The Duality of Society
Brian A Lopez
Society is, by its very nature, a duality. Two contrasting forces that simultaneously hold it together and pull it apart: Individualism and Collectivism. This should be obvious, given that society if a collection of individuals, but I would like to explore this theme in greater detail.
Pure individualism would be "The State of Nature" as Thomas Hobbes described it in Leviathan. A state where there is no law, no private property, no contracts or even morals. It is a simple, completely pure battle of the fittest. If I take something from you and am successful, so be it. If you can stop me, so be it. If someone is stronger, faster or smarter than another, it is no more complicated than that. Needless to say this would be an extremely undesirable world, and Hobbes described life in this scenario as "Solitary, poor, nasty, brutish and short". Besides the physical negative aspects, there would also be zero economic development...in this scenario of pure individualism no individual would be manage to become better off. There would certainly be no technological or intellectual development either.
If one thinks about it, the state of nature is unfettered freedom. If I decide to murder someone near me and take their possessions, what should stop me? If I manage to overpower/out smart them I was simple a better specimen, and if I fail then they are the better specimen. Meritocracy at it's most brutal. Thus, society is, even in its most minimal form, an infringement on freedom...but one that is accepted by those involved. No one wants to live in constant fear of being attacked.
So there are rights and laws put in place: The right to private property, and its protection from aggression. Contracts. Laws forbidding murder, and theft. This creates stability and of course provides every individual the ability to flourish. This surrender of some individual freedom for the common good, is beneficial to every individual. In a way, it is an even better form of meritocracy: With an even starting position and universal rules and protections there will still be unequal development, but everyone can now develop. In fact superior specimens can achieve greater success, no longer having to be on guard perpetually. An economy can develop, technology can arise and people can think. All this is possible once the constant fear of violence is removed.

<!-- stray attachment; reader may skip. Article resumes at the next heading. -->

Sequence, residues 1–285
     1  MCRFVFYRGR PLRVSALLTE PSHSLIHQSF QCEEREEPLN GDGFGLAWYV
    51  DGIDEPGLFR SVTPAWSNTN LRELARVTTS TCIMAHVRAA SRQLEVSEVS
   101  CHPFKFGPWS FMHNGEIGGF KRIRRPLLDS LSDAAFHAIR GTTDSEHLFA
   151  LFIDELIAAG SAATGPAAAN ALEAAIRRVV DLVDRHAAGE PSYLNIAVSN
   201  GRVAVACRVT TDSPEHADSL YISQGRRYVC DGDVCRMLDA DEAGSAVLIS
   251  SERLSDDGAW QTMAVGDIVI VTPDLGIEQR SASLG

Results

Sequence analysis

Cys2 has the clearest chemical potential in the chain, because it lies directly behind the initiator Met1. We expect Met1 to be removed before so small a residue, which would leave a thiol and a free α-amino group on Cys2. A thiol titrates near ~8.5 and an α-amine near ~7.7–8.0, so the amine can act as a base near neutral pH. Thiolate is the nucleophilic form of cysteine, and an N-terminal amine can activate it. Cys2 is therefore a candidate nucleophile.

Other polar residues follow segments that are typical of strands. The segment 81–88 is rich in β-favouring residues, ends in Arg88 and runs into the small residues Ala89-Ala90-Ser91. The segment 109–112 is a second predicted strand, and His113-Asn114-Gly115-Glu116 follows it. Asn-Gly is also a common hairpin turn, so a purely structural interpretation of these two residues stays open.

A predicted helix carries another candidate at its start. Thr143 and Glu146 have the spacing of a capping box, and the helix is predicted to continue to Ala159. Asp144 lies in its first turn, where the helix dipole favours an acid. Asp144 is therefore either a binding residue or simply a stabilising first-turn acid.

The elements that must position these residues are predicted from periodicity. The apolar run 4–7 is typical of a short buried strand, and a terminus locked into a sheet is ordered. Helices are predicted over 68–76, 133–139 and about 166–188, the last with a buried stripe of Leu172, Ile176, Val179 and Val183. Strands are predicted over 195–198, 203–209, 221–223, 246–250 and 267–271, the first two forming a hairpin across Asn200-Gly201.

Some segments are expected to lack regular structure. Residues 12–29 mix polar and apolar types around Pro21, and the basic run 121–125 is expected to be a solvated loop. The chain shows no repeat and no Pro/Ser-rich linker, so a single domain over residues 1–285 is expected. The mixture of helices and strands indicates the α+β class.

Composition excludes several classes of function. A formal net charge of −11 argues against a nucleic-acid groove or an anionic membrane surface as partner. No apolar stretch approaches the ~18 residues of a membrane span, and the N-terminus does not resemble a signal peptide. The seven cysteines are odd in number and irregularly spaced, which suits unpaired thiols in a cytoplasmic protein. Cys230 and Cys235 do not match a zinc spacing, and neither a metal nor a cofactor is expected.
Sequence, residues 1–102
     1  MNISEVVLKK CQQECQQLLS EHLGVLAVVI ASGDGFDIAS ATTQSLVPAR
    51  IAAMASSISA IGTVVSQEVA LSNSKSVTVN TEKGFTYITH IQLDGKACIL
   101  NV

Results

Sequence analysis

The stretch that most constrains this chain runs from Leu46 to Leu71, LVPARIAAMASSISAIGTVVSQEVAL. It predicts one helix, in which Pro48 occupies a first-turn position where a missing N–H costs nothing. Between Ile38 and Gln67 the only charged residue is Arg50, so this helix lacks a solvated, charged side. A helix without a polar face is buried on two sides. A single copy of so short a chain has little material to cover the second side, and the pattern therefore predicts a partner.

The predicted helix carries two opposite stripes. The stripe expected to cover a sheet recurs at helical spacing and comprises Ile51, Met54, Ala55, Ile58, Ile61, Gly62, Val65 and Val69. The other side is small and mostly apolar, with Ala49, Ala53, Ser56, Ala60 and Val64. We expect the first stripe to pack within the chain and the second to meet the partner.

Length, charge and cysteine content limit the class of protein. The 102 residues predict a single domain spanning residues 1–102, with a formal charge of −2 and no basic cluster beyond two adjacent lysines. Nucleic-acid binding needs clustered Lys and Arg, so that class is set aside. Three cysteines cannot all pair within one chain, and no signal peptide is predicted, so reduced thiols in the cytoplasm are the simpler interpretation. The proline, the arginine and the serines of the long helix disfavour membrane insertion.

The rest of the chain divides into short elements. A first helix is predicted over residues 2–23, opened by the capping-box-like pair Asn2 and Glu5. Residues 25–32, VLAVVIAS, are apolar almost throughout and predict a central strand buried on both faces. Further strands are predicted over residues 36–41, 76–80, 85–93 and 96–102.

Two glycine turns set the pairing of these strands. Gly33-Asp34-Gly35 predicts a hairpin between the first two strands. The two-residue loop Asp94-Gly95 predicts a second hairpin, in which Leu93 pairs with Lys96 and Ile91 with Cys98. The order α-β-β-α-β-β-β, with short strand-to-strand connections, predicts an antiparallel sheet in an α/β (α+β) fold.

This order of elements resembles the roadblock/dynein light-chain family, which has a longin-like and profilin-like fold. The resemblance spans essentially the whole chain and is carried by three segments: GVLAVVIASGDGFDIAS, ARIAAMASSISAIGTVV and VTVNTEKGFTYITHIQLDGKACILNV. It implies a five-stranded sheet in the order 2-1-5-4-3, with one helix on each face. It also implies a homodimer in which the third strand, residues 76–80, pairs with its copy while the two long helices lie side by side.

However, once this universally accepted position of some individual sacrifice for the common good is reached, a question arises: What should this balance be?
An unfettered, purely collectivist society would be as undesirable as its opposite, with the same detriments to economic, technological and intellectual progress. In a way, neither extreme state is a state of true freedom, which is only achieved in a middle ground where every individual is free to better their lives to the best of their ability, as they see fit, or indeed pursue any life they choose. In the state of nature, perhaps some people may wish to not partake, but have to for survival. In a society, if one wishes to enjoy a life free of competition, with no want of material gain they are free to do so, just as much as one is free to accumulate as much financial or material wealth as they can.
This of course raises other issues: Should some forms of achieving individual betterment be illegal? What amount of services, if any, should a society have and who should pay how much? These are well known issues that are beyond the scope of this piece, instead I will say simply: As long as we live in a middle ground between the extremes of pure individualism and collectivism, there will be debate about the question: What should this balance be?
Since society is a collection of individuals there will always be the counter forces mentioned early on. Every individual wants to better themselves, or more so live the life they want, but there must be self sacrifice for the overall betterment of society, where people will have conflicting views, lives and the want to naturally better oneself at the expense of another. This inherent competitiveness can never be removed, it is part of the human element, just as much as the need for collective society is. No person can exist without human connection, and the necessary cooperation, (at least in a minimal way) that goes along with it.
The conflict of counter pulling forces, individual and collective, is a personal one, as much as a societal one. This duality, is perhaps the very essence of being human.